Book Review: ONE OF US WILL BE DEAD BY MORNING

So here’s the thing about being a Hater: it’s not that you want to kill…you have to.  David Moody introduced the concept in his first fiction trilogy, when a sizable portion of the U.K. population turned into Haters--not zombies, not infected, just ordinary human beings with ‘no mercy, no second chances. Just hate.’  They simply have to kill…usually in the most brutal way possible.

After taking a break with his Autumn series, Moody returns to Hater lore with One of Us Will Be Dead by Morning (December 5; St. Martins), a sort of bone-snapping kissing cousin of his original Hater trilogy.  Hazelton Adventure Experiences is running an adventure camp on an isolated island called Skek for a dozen or so corporate executives.  Located somewhere between the U.K. and Denmark, Skek consists of a few square miles of mostly barren rock.  Somehow a primo destination for corporate retreats and teen school trips, the cheesy training exercises on Skek take a bad turn when one of the female execs takes a header off a cliff and dies. Get ready for a ripe lawsuit, Hazelton Adventure Experiences.

There’s obvious panic, there are questions, and Moody introduces so many characters, so fast, it’s hard to tell who is who, and what is what.  Maybe that was his intention, but with so few character traits assigned, it reads like a handful of random names chucked at the reader on every other page.  A ship is due to arrive to cart the corporate suits (and the dead cliff lady) off the island, but then the ship is found wrecked off shore, crammed with the bodies of a bunch of broken, neck-chomped kids, as well as a handful of dead adults.  Based on the wounds, they surmise it might be a kid who offed everybody.  Which you know, is weird.  But then after characters discuss trouble on the mainland and limited communications, any fan of Moody’s previous trilogy suddenly makes that glorious mental click: we are back in his Hater universe, and these blubbering corporate stooges might have a Hater kid on their hands.  On a barren rock of an island.  With no means of escape.  And things start getting interesting.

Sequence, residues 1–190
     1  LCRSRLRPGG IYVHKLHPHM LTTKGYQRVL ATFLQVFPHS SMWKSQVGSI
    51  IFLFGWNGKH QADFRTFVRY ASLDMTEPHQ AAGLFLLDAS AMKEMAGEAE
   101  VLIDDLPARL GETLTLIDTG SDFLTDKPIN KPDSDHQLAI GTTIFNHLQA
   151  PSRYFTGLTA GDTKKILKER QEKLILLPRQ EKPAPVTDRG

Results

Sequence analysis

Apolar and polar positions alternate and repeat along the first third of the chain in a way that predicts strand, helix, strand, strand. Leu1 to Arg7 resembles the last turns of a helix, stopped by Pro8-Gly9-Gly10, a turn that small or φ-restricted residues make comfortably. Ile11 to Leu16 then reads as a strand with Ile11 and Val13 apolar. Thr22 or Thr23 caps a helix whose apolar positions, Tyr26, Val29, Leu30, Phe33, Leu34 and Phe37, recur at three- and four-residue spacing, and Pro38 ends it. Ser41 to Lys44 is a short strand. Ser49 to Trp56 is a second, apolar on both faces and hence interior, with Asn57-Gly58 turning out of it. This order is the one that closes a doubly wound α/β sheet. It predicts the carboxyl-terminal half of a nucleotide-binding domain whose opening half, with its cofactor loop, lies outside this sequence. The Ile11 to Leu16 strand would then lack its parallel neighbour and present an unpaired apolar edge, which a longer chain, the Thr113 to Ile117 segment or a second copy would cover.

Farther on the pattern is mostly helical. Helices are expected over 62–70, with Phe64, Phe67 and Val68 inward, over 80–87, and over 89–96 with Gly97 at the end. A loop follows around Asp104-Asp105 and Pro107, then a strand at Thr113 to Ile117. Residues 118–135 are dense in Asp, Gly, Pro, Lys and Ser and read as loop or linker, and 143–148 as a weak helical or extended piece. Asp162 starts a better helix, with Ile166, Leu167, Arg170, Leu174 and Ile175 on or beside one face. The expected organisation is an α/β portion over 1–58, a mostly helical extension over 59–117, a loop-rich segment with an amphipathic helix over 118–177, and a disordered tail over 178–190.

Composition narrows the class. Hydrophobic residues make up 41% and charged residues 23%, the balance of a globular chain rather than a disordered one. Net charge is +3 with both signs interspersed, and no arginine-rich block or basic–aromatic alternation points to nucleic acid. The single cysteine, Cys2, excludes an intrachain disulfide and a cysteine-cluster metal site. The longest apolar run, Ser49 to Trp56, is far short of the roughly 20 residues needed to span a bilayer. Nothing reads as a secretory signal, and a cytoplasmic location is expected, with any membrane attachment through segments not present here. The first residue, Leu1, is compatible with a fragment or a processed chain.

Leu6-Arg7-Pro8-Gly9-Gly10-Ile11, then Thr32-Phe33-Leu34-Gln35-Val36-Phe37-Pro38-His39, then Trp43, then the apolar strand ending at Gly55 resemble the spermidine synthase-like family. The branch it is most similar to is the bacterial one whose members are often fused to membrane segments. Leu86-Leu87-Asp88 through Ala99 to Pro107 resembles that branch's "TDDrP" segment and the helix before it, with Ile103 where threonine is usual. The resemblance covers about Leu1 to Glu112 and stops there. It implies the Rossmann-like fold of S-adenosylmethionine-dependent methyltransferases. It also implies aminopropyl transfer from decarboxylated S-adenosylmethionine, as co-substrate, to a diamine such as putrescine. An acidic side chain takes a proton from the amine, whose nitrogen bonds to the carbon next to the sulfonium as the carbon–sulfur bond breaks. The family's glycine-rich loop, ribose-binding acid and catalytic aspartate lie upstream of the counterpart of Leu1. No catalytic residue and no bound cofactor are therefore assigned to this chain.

As the characters drop off one-by-one, many questioning who exactly is the murderer, the book takes on a modern-day Agatha Christie vibe.  It’s a cool move on Moody’s part.  As I’ve written in previous reviews, Moody truly excels at wicked pacing and sharp dialogue, and One of Us Will Be Dead by Morning is no exception.  Sure, the characters sort of blur together, especially at the beginning, but there are times you want a slow, gentle gothic novel on a warm summer day, and then some days you want to rip and roar through a good, fast read. That’s David Moody for you.

Ryan Daley